But then there's the green kiwi fruit. And with these bad boys, you can be a bit more brutal with them. You are paid by contract, that is, the amount that you can collect, the number of bins that you and everyone else in your group can fill. So rush, hurry, and speed are the catchwords. No stopping to taste anything, no singing any songs unless its a fast upbeat song, only the rapid grappling and breaking off of stalks from the branches and the "sift, sift" of the kiwis falling into your bag. Your bag gets weightier in seconds. Back and forth you carve pathways between you and the tractor with the bins.

Sometimes we divide up into teams and a fierce competition takes place. Everyone trying to go at the highest rate of speed possible. And woe unto the slow person, for this person will be the target of all types of sneers and anger, for one person going slow effects the pay of the entire group. So one's arms goes sore from the constant reaching up into the branches and one's back goes sore from the weight of the bag strapped on loaded full with all the kiwis and one's feet goes sore from standing up all day long.

But it's a strangely neat feeling during lunch break when we picnic or at the end of the day. You feel like you've done something wholly productive and almost righteous. And from your strain and your toil you know that you take part in that brilliant ceremony of kiwi-eating that takes place ever so often in various places around the world. Actually, I don't think about it too much. I only go is fast as I can. Occassionally talking with the person next to me and occassionally indulging in a little song. Country, Old Church Hymnals, Rock, I sing it all. And I've only been reprimanded once for it. Our supervisor was in a foul mood and I was belting out a little Roy Orbison a bit too loud for him. "Can you keep it to yourself", he says and then walks away.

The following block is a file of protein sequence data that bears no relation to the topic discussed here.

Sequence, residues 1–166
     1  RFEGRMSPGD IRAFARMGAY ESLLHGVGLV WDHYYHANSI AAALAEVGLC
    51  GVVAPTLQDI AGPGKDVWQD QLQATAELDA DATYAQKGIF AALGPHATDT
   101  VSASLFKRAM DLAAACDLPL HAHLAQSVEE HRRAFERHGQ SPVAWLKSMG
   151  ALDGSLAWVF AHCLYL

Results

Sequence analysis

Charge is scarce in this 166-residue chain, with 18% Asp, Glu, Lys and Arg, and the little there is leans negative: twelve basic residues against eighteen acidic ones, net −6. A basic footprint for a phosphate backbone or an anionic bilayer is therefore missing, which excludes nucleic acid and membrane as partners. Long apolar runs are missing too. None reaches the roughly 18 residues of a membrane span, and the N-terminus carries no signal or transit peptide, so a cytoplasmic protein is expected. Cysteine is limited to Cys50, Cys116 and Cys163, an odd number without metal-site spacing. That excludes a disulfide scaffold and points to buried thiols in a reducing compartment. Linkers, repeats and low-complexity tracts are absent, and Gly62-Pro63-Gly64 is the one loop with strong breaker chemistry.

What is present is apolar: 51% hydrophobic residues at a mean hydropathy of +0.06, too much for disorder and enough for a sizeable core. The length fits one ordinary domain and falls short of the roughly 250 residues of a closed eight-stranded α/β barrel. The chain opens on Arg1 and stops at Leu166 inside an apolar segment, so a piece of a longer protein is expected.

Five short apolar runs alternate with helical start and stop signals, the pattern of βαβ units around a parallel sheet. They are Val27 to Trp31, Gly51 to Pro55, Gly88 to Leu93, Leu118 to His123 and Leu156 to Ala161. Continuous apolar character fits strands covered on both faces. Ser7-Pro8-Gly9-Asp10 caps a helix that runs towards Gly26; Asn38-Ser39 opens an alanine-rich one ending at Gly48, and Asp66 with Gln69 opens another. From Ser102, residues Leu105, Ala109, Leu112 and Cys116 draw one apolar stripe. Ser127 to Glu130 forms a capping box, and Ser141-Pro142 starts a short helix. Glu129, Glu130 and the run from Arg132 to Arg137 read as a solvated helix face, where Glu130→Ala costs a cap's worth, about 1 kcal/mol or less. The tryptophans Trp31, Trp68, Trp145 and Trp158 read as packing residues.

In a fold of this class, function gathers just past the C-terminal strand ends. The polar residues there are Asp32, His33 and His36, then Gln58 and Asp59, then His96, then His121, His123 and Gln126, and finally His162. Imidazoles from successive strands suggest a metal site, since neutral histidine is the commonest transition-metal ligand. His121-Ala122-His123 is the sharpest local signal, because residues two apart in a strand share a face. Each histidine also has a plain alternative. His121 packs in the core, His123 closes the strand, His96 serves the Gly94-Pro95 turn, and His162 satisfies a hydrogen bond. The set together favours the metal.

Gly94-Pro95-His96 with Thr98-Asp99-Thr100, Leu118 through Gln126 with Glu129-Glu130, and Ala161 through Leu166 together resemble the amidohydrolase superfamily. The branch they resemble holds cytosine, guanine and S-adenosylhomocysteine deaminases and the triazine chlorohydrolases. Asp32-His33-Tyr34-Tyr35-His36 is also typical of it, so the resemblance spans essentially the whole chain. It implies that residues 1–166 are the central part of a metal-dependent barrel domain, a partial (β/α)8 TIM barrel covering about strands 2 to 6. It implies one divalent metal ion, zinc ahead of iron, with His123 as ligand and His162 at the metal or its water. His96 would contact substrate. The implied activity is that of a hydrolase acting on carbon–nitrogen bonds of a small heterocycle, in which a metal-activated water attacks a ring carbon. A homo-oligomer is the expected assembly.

So that is the the whole of my job basically. But it is soon to end for the harvest season here in New Zealand is almost over. I will leave this Bay of Plenty and head to who knows where.

2 Comments:

Blogger ПАПА said...

Thanks for the incite into the art of kiwi harvesting. I would have never known if you had not shared. Remind me to never enter a Kiwi-picking contest with you. I figured that was going to be very tiring labor. You make me desirious of a plump, juicy, golden Kiwi right now! To think that Brian may have picked this one! Will wonders ever cease! Im dying to know what a kiwi picker makes by the hour or by the load, of course this is personal information that you may not wish to share in this public venue. Im also wondering how may Kiwi's one would have to pick to buy a gallon of gasoline in NZ?

6:59 PM  
Anonymous the author said...

I don't know the answer to that last question.
But as far pay...per hour, with the gold kiwi fruit, I received about $12.50 per hour.
And then with the contract...it was factors out to be a few dollars more an hour, sometimes on a good day alot more than hourly pay.

10:12 PM